GASB Contemplating a New Approach for Leases
Do you engage in lease activities? If so, GASB is working to release a new lease accounting standard. GASB has proposed a single approach to lease reporting, which eliminates the operating and capital lease designations. Instead, lease accounting will be uniform, with a few exceptions. The following is an overview of GASB proposal:
The focus will be on the right to use an asset, meaning the lease contract conveys control of the right to use another entity’s nonfinancial asset (the underlying asset). Examples of nonfinancial assets include buildings, land, vehicles, and equipment. Lessees would recognize a lease liability at the present value of future lease payments and a right-to-use asset, equal to the initial measurement of the lease liability, plus any payments made to the lessor at or before the beginning of the lease, and certain indirect costs. The lessee would amortize the lease asset over the lease term or the assets useful life, whichever is shorter. Future lease payments would be recorded as a reduction to the lease liability and interest expense.
Lessors would record a lease receivable at the present value of the payments to be received for the lease term and an offsetting deferred inflow of resources measured at the value of the lease receivable less any payments received at or prior to the beginning of the lease that relate to future periods. The lessor would continue to recognize the underlying asset. Future lease payments would be recorded as a reduction of the lease receivable and interest revenue. Lease revenue would also be recorded with a corresponding reduction to the deferred inflow of resources as future lease payments are received.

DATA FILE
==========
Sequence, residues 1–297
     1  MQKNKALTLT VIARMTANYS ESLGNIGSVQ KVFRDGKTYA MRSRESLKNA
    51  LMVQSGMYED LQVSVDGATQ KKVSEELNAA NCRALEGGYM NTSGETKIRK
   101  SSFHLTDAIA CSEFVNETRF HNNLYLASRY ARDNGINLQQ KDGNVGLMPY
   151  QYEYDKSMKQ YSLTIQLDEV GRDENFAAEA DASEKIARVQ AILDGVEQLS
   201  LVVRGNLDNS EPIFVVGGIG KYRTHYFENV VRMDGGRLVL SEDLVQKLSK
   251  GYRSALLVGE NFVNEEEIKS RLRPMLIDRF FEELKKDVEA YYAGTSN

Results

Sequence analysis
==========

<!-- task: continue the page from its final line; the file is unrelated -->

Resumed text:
Note Disclosures and Other Topics
Lessees and lessors would include information about the terms of the lease arrangement and other information generally consistent with current disclosure requirements.
The proposal also addressed contracts with multiple components and contract combinations, lease terminations and modifications, subleases, and leaseback transactions.
Short-term leases are defined as those with a maximum term of 12 months or less, including any options to extend, regardless of its probability of being exercised. Lessees and lessors would recognize current outflows and inflows (e.g. lease expense and lease revenue) of short-term leases per the terms of the arrangement.
Leases that transfer ownership of the underlying asset at or before the end of the lease without a termination option should be accounted for as financed purchases.
The proposed guidance would not apply to leases for:
- Intangible assets (with limited exceptions)
- Biological assets (e.g. timber, living plants and living animals)
- Service concessions arrangements
- Assets financed through outside conduit debt, unless both the underlying asset and the conduit debt are reported by the lessor
Effective Date and Transition
The GASB is currently re-deliberating its proposal and expects to issue a final standard in the second quarter of 2017. The final standard is anticipated to be effective for reporting periods beginning after December 15, 2018, with early adoption permitted. Governments would assess the facts and circumstances existing at the beginning of the implementation period and recognize and measure the leases accordingly. Lessors would not restate the assets underlying their existing sales-type or direct financing leases. Any residual assets for those leases would become the carrying values of the underlying assets.